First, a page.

Caudalie Vinothérapie Spas
Spa Vinothérapie Aux Sources De Caudalie
Chemin de Smith Haut Lafitte
Ile aux Oiseaux suite at Les Sources de Caudalie
To celebrate Les Sources de Caudalie’s 10th anniversary, the Ile aux Oiseaux suite was newly decorated by Maison Martin Margiela. The Ile aux Oiseaux suite is reminiscent of the cabanes tchanquées (cabins on stilts) in Arcachon Bay.
Maison Martin Margiela’s interior architects relied on contrasting materials and furniture as well as the dissonant interplay between indoors and outdoors. Today, the Ile aux Oiseaux suite has an unexpectedly avant-garde atmosphere combining elegance and minimalism. The suite now features a blend of white, black, and grey colours, as well as trompe l’oeil visuals, second-hand furniture and multiple influences.
Château Smith Haut Lafitte
Grand Cru Classé de Graves
Château Smith Haut Lafitte’s philosophy can be summarised in one sentence: to do the utmost so that every vintage of their red and white wines reflects the full potential of the terroir. The 67 hectares of vineyards are managed increasingly organically, and the grapes undergo natural fermentation and ageing in superb underground cellars.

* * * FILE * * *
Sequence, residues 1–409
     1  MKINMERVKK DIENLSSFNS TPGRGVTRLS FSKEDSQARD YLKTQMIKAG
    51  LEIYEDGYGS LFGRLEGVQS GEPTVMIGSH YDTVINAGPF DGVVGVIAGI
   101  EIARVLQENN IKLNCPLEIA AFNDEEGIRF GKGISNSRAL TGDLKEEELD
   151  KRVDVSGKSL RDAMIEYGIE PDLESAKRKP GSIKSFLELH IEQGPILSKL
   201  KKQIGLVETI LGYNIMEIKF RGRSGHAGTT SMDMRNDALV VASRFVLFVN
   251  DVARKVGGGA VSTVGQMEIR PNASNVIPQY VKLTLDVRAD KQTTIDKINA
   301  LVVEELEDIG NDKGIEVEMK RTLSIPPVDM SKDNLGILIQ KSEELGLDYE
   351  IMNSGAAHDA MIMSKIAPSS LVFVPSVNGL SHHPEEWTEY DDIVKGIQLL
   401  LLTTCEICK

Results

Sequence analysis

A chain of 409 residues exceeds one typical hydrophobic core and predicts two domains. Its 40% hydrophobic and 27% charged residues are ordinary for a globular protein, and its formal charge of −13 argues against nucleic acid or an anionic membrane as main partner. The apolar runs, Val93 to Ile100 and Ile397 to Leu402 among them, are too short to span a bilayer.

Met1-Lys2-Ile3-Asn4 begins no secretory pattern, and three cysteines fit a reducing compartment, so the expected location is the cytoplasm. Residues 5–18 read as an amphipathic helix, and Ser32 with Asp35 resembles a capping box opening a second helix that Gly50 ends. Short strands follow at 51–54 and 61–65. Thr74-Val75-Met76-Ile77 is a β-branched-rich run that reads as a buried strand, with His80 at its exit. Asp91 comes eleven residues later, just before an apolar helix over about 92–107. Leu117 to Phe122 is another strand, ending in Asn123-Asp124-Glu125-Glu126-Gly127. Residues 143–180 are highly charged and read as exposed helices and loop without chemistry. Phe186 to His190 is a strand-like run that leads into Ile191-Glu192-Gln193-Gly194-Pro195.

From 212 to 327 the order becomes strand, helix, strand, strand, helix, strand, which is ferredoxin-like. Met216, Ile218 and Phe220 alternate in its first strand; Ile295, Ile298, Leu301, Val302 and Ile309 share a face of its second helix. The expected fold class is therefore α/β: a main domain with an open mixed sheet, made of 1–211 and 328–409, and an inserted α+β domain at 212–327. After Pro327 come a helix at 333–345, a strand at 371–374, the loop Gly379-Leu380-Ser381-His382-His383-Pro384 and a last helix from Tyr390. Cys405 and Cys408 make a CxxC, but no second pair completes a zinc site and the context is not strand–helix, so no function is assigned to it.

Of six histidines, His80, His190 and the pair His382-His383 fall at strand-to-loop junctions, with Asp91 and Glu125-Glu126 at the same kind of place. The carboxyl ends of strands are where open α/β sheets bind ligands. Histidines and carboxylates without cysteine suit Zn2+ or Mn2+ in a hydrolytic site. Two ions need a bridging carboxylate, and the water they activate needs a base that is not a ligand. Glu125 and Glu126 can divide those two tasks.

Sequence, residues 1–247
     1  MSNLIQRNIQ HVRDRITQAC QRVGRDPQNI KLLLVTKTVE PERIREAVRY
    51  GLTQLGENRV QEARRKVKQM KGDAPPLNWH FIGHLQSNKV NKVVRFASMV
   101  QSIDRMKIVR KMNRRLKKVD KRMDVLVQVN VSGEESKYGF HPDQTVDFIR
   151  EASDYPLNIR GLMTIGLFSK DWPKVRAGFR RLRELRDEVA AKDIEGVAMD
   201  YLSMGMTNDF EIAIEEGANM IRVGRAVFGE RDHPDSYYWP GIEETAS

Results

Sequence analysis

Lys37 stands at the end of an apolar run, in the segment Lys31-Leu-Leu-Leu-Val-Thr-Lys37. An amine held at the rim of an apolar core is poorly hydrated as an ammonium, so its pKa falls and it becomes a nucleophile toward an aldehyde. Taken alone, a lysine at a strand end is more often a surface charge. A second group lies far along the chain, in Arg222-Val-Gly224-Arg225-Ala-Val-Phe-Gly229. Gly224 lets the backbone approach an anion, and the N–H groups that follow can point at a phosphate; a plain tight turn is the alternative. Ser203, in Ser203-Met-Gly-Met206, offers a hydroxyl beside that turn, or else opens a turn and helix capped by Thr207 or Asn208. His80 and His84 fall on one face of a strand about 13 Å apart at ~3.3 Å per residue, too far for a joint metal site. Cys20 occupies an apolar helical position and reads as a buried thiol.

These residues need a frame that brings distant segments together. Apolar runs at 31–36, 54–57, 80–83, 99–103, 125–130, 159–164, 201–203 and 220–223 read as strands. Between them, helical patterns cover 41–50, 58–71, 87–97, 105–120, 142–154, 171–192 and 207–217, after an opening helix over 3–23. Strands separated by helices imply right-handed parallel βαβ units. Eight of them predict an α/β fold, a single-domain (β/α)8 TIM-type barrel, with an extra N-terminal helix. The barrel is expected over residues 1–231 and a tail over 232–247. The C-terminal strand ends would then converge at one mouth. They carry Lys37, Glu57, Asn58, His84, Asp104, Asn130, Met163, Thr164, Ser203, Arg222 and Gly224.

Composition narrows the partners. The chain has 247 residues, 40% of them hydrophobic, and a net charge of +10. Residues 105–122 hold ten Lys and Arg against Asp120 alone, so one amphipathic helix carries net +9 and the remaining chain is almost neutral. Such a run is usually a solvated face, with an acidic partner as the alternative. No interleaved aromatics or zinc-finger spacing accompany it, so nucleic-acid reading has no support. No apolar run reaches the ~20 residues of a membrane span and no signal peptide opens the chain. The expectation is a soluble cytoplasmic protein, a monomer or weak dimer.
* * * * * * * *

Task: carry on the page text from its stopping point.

The owners, Daniel and Florence Cathiard, purchased the estate in 1990. “The reason we chose Château Smith Haut Lafitte is quite simple: it was love at first sight when we visited the château’s magnificent underground cellar, which fits in perfectly with our desire to make one of the world’s best wines,” says Daniel Cathiard. The Cathiards combined the most modern winemaking techniques and age-old methods, using organic compost, small wooden vats and ageing on the lees in barrel.
A special feature in the grounds of this Bordeaux estate is the art, which is spread throughout the landscape. The enormous hare sculpted by the British artist Barry Flanagan has become a friendly symbol that watches over the old Cabernet Franc vines.
Château Smith Haut Lafitte’s elegant red and white wines can be tasted by wine lovers on the estate. Visits and tastings seven days a week, by appointment only.
Château Smith Haut Lafitte
Written by Meri Kukkavaara, Published in Fine Champagne Magazine No. 5–6